For more information and registration, visit http://postharvest.ucdavis.edu/announce/shortcourse.shtml.
Department of Plant Sciences
Toward Sustainable Groundwater in Agriculture: An International Conference Linking Science and Policy will meet June 15–17 at the San Francisco Airport Hyatt Regency in Burlingame. There will be additional groundwater workshops on June 14 and an agricultural groundwater tour on June 18. The conference is organized by UC Davis and the Water Education Foundation, sponsored by the Robert M. Hagan Endowed Chair.
The three-day conference will provide scientists, policymakers, and agricultural and environmental stakeholders with information about the latest advances for sustaining groundwater resources in agricultural regions around the world.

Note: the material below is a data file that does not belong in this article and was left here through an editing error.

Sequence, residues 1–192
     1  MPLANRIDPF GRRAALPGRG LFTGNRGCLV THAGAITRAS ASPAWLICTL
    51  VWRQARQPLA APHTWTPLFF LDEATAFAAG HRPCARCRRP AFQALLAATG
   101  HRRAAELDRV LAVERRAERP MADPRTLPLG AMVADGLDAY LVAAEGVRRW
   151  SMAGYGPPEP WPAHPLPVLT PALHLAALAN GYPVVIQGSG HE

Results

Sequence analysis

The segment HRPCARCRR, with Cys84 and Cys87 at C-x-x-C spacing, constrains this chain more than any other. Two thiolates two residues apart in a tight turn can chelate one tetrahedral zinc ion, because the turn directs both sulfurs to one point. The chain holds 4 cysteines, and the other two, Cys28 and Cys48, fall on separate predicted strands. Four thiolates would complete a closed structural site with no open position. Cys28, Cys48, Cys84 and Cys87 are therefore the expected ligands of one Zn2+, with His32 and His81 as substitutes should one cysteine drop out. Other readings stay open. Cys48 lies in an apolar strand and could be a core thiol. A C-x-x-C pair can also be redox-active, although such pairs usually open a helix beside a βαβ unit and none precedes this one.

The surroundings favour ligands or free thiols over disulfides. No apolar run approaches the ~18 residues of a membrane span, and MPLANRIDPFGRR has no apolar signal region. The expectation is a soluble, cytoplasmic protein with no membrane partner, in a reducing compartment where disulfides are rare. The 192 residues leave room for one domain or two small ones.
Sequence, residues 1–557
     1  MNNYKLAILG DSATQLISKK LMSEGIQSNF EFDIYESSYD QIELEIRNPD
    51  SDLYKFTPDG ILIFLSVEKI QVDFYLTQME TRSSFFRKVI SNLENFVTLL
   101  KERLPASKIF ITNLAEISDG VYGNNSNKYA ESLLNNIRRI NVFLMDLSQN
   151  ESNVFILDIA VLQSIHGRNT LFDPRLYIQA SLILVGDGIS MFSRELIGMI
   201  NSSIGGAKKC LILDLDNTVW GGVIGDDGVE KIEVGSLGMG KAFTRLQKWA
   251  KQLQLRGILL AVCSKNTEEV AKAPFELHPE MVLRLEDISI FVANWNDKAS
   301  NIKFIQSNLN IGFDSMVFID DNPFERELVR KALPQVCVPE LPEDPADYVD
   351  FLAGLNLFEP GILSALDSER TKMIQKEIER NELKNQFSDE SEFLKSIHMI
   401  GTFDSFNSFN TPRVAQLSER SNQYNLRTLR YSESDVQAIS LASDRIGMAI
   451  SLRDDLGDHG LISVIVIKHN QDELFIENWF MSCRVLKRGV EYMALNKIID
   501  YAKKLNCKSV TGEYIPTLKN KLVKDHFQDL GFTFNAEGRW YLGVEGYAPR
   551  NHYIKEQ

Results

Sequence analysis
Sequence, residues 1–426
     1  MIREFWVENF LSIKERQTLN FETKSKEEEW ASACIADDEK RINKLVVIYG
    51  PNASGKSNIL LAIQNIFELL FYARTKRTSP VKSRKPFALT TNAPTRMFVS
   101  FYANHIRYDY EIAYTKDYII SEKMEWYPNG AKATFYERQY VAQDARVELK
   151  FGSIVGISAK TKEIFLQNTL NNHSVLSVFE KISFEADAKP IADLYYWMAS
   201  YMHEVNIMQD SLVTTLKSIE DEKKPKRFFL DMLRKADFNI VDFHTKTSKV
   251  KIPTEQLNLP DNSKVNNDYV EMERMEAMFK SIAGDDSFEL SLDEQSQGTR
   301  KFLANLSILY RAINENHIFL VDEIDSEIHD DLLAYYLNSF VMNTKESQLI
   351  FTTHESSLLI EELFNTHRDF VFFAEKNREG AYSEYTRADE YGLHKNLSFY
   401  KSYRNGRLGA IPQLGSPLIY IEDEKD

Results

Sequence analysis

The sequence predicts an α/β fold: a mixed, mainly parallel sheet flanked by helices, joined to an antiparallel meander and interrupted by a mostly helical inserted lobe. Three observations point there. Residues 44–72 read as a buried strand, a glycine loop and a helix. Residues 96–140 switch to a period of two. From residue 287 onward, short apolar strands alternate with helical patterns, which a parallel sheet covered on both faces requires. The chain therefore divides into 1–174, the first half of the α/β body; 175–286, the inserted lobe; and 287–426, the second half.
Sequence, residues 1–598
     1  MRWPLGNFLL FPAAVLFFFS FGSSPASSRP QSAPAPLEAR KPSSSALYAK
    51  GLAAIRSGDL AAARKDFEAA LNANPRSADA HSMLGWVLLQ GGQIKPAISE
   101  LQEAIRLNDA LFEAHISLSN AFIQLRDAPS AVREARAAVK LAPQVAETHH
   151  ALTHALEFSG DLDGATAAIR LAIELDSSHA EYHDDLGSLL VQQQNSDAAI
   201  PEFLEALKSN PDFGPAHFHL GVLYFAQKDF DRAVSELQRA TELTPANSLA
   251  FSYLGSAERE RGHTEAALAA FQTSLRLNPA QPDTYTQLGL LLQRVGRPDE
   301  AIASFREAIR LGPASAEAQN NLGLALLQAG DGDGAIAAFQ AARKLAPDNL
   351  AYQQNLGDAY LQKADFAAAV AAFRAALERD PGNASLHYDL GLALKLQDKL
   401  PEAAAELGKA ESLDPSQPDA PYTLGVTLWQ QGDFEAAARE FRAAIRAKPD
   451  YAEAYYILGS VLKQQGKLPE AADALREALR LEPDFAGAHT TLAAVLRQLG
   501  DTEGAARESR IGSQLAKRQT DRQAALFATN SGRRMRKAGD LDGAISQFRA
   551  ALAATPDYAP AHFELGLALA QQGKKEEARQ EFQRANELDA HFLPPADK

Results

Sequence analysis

For program updates and additional information, visit www.ag-groundwater.org. To register for the conference, visit http://www.watereducation.org/doc.asp?id=1231&parentID=849.
Water Education Foundation
UC Davis will host leading scientists at the 22nd annual National Agricultural Biotechnology Council Conference, to be held on campus from June 16–18. “Promoting Health by Linking Agriculture, Food, and Nutrition” will address the scientific links between these three related fields and how they impact human health. The conference is organized into five sessions that will address topics such as designing and producing healthy food, social and cultural dimensions of eating habits, and bringing nutrition science to regulations.